Bangkok Transit is a Central European best-seller. The author, Eva Fejos, a Hungarian writer and journalist, is a regular contributor to women’s magazines and is often herself a featured personality. Bangkok Transit was her first best-seller, which sold more than 100,000 copies and is still selling. Following the initial publication of this novel in 2008, she went on to write twelve other best-sellers, thus becoming a publishing phenomena in Hungary According to accounts given by her readers, the author’s books are “therapeutic journeys,” full of flesh and blood characters who never give up on their dreams. Many readers have been inspired to change the course of their own lives after reading her books. “Take your life into your own hands,” is one of the important messages the author wishes to convey.
Try it for yourself, and let Eva Fejos whisk you off on one of her whirlwind journeys... that might lead deep into your own heart.
About Eva Fejos, the author of Bangkok Transit
- Eva Fejos is a Hungarian writer and journalist.
- has had 13 best-selling novels published in Hungary so far.
- Bangkok Transit is her first best-seller, published in 2008.
- has won several awards as a journalist, and thanks to one of her articles, the legislation pertaining to human egg donation was modified, allowing couples in need to acquire donor eggs more easily.
- spends her winters in Bangkok.
- likes novels that have several storylines running parallel.
- visited all the places she’s written about.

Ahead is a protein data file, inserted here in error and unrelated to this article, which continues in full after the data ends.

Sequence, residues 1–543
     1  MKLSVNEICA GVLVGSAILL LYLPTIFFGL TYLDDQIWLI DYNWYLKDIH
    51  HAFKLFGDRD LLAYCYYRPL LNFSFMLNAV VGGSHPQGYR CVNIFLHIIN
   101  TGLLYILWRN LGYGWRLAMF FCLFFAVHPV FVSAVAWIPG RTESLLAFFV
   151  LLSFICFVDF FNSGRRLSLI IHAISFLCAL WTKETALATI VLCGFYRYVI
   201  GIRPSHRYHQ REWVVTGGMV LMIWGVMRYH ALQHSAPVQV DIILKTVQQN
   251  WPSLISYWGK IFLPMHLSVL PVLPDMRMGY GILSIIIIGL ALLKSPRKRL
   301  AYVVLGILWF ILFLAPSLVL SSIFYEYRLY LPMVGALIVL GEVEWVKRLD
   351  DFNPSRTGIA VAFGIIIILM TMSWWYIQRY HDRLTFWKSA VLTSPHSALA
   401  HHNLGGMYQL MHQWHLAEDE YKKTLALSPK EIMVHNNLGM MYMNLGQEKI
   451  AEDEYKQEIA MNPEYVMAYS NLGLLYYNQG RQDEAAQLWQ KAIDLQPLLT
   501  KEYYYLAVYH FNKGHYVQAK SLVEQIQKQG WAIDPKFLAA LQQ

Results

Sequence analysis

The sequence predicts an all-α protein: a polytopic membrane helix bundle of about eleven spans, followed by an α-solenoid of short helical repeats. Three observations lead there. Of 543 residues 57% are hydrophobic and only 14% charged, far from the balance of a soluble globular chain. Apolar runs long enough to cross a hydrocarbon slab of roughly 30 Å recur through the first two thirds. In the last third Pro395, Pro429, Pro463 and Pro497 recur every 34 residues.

- spent a few days at an elephant orphanage in Thailand; and has investigated the process of how Thai children are put up for adoption while visiting several orphanages.
- founded her own publishing company in Hungary last year, where she not only publishes her own books, but foreign books too, hand-picked by her.
- Her books published in Hungary thus far are:
Till Death Do Us Part (Holtodiglan) | Bangkok Transit | Hotel Bali | Chicks (Csajok) | Strawberries for Breakfast (Eper reggelire) | The Mexican (A mexikói) | Cuba Libre | Dalma | Hello, London | Christmas in New York (Karácsony New Yorkban) | Caribbean Summer (Karibi nyár) | Bangkok, I Love You (Szeretlek, Bangkok) | Starting Now – the new edition of Till Death Do Us Part (Most kezdődik) | Vacation in Naples – the English version will be published in summer, 2014 (Nápolyi vakáció)
To be published in spring of 2014: I Waited One Hundred Nights (Száz éjjel vártam)
Bangkok Transit (English version): http://www.amazon.com/dp/B00HDIT4UY
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Genre - Women's Fiction, Contemporary
Rating – PG-13
More details about the author